Part of the vOilah! Festival, Fantasium is proud to be among the broad lineup that blends French and Singaporean communities. Through multi-sensory experiences and interactive activities, almost 600 visitors traveled back in time and immersed themselves in the magical world created by old masters.
A Virtual Voyage through Masterpieces was a cultural programme held in Gardens by the Bay from 24 October to 8 November 2020. It attracted people from Australia, Cambodia, China, France, Japan, Korea, Malaysia, Morocco, Russia, Singapore, Taiwan, US, UK and others. With 60 hourly VR exhibition session, 12 creative workshops, 3 online chats with French renowned film directors and producers, the event offered numerous opportunities for all attendees to appreciate the French masterpieces through immersive technology.
The VR art exhibition
Multi-sensory virtual experiences whisked visitors through time to step inside the Edouard Manet's painting for a tete-a-tete with a barmaid in the cabaret of Paris 'Folies Bergere', to delight Monet's iconic water lilies, to delve into the forgotten culture of Tahiti and Paul Gauguin's imagination, to test your courage at the Isle of Dead, Arnold Bocklin's mysterious work that inspired Dali and Scorsese.
Nina Boldyreva, programme curator, said. “It is a great honour to be invited for the second time by the French Embassy to demonstrate how immersive technologies can provide a unique experience. Think about it for a moment: for centuries we have experienced art remotely playing out scenes from a book, or looking at paintings on museum walls, or watching movies on a screen. Although we appreciate them, we do not actually experience them. Now, with real immersion, we are able to become the art, to become a part of creation”.
For A bar at Folies Bergère by Edouard Manet, visitors were so intrigued as they tried grabbing the bottles or fruits on the table. A 6 year old girl was so immersed that she was waltzing around during the VR experience. For Claude Monet’s The Water Lily Obsession, the director uses water flowing into Musée de l'Orangerie and many were indulged in both the soothing music and visual presentation.
Paul Gauguin’s Inner journey in Tahiti was a great hit for visitors who were as passionate in using bright colours; The Isle of the Dead was the most immersive VR film and favourite one amongst both adults and children. The latter would tend to clutch on to the staff to seek comfort from fear.
Some of the feedback gathered at the VR Exhibition were as follows:
Finally, able to ‘travel’ again.
Prompts one to find out more about the actual art work and it’s a good way to introduce art to people.
Fantastic, very innovative and informative.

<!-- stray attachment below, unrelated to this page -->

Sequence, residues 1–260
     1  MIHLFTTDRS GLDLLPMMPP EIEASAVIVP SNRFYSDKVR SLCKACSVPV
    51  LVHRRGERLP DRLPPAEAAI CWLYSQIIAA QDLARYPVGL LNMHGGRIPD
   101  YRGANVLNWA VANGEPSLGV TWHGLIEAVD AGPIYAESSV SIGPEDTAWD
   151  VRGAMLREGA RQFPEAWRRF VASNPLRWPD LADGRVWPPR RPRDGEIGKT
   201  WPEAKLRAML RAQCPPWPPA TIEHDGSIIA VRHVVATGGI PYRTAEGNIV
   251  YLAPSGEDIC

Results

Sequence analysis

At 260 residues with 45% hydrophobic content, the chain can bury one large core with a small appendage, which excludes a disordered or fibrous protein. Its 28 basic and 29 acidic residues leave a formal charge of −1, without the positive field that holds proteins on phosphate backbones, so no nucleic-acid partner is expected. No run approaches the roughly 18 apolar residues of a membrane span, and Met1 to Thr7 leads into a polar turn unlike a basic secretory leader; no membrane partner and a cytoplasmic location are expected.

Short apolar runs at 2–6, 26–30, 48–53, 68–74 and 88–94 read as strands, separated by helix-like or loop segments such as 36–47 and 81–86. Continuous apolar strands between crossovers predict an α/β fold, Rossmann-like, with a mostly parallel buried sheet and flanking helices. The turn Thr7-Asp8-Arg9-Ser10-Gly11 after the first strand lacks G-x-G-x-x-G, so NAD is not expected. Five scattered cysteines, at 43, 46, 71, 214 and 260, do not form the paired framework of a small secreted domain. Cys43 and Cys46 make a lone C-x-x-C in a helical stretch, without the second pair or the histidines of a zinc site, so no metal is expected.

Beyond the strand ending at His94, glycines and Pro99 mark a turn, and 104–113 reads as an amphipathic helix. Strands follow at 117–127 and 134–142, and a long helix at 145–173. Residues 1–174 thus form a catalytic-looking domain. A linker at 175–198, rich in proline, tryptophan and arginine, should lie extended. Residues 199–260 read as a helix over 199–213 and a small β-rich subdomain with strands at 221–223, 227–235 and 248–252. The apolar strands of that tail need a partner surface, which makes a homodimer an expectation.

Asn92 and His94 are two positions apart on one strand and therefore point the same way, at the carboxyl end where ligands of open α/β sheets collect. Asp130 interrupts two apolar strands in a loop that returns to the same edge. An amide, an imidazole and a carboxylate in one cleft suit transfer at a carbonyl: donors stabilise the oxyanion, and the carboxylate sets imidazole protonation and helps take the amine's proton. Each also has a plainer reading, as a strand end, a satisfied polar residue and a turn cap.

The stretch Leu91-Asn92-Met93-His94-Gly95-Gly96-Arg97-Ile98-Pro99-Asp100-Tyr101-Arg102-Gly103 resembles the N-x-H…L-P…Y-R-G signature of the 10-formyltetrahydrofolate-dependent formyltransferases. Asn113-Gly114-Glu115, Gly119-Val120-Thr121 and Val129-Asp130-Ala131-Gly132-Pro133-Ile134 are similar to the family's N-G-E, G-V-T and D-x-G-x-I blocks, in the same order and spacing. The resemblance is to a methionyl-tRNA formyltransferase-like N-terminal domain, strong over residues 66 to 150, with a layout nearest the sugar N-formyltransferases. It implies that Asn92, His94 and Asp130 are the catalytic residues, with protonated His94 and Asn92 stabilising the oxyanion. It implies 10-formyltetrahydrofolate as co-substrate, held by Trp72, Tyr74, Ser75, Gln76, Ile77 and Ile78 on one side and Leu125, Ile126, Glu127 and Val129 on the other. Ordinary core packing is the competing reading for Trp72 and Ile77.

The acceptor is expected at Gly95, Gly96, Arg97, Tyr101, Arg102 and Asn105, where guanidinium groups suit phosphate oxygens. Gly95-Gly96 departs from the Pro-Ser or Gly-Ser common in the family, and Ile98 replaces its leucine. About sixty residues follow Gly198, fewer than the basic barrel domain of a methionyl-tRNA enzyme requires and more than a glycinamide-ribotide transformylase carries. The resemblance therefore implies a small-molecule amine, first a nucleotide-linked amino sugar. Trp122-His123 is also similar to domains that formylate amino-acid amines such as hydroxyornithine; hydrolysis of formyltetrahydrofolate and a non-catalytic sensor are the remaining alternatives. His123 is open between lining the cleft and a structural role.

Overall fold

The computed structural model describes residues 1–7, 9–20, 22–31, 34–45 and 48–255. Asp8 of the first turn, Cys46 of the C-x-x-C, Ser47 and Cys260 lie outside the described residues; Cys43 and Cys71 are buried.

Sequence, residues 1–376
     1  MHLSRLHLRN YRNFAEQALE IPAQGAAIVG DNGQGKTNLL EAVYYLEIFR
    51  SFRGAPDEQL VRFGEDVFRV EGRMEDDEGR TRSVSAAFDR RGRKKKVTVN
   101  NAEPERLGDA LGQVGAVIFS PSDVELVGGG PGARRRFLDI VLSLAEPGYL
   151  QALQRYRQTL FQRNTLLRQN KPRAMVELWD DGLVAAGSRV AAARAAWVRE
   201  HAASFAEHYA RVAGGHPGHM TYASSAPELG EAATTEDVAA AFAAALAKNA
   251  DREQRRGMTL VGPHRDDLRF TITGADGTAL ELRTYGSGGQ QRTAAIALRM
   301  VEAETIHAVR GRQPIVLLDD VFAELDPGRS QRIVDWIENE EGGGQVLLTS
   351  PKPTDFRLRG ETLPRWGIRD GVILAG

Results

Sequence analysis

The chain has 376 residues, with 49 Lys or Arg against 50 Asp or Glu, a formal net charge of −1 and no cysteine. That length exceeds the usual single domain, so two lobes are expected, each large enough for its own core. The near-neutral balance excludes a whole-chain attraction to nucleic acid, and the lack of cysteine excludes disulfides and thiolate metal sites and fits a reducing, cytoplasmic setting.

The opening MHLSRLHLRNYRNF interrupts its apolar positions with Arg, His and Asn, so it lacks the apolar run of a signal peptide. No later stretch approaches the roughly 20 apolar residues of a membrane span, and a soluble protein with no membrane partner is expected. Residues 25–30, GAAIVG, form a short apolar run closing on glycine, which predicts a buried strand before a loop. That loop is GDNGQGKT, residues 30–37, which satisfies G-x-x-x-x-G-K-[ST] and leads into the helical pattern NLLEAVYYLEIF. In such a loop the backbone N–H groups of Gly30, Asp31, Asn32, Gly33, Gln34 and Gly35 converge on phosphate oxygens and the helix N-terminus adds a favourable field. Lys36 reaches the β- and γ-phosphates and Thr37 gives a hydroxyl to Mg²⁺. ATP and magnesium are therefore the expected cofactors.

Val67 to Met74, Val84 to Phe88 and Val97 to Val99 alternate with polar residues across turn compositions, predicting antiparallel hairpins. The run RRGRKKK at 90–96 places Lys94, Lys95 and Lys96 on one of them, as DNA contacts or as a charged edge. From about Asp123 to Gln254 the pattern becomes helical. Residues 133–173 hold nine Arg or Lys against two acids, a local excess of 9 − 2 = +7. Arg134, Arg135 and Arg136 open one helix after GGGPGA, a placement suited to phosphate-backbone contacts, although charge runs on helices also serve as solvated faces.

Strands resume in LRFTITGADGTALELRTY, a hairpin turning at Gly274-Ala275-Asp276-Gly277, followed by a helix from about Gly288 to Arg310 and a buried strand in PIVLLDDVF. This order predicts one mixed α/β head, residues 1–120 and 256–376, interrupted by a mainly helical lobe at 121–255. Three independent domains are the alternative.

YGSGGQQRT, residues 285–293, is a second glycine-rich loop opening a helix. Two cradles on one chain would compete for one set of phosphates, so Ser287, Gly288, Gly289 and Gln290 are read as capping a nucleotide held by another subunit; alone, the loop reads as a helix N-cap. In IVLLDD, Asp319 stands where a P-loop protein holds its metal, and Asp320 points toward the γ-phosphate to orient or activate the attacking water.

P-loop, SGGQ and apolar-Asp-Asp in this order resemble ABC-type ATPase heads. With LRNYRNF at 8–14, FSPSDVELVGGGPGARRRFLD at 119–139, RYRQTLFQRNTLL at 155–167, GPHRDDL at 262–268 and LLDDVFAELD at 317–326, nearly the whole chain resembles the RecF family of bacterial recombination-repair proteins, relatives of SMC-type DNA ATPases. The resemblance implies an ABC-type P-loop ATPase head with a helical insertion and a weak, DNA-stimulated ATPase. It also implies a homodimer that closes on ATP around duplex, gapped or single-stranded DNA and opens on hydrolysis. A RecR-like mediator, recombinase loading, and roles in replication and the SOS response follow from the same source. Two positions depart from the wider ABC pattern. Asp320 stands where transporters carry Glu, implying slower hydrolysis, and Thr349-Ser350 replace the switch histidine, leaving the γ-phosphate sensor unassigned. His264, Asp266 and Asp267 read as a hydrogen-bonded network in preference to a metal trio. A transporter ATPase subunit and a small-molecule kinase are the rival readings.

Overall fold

Good explanation of why the bar in the Folies Bergère was so controversial at that time.
It was fun, felt like you were in the world of the paintings.
It’s educational, as you’re being taken into the time period when the paintings were made.
Creative Workshops on Monet and Gauguin
All participants were very enthusiastic and enjoyed their first room-scale canvases using their virtual brushes to bring French art style to Singapore’s Gardens by the Bay: for instance, decorate the Super Trees with Monet’s water lilies and the Cloud Forest Waterfall in Gauguin’s colourful style. The participants range from 8 years old to 67 years old. Coincidentally, both the youngest and oldest participants were prize winners for creating the top 5 VR art pieces.
The online sessions with directors and producers from France were packed with intriguing insights on the films and questions from the audience. Hosted by Deda Daniels, a senior lecturer at the School of Interactive and Digital Media at Nanyang Polytechnic, who was effectively bilingual in English and French, she was able to keep the momentum and inject humour.
Igal Kohen: A bar at Folies Bergère
Igal explained that the film put the viewer in the eyes of four characters, the painter, the client, Suzon and the viewer of the painting in the gallery and how the world unpainted itself when the strokes become blurry conveying the melancholia of Suzon in contrast to what Manet and the client thinks of her. Hence, encapsulating the question of ‘What is Suzon thinking about?’
Benjamin Nuel: The Isle of the Dead
As the whole production of ‘Isle of the dead’ was animated, there was no motion capture at all. Benjamin felt that Bocklin’s work would be very well suited for VR as it was more sensory than intellectual and he focused on the question of ‘What was the mystery of the island’? The film was in the context of a trip and the script like a dreamscape and he particularly likes the idea of art must be surprising and unpredictable and he does the art and films this way.
Nicolas Thepot: The Water Lilies Obsession
Nicolas said ‘Curiosity drives him to embark on creative projects’. He ensured that everything seen in the film including the brushstrokes and the colours were from Monet’s paintings. He mentioned taking thousands of pictures and put them into layers to have a 3D version of the painting.
Check out the post-event video trailer. Voilah!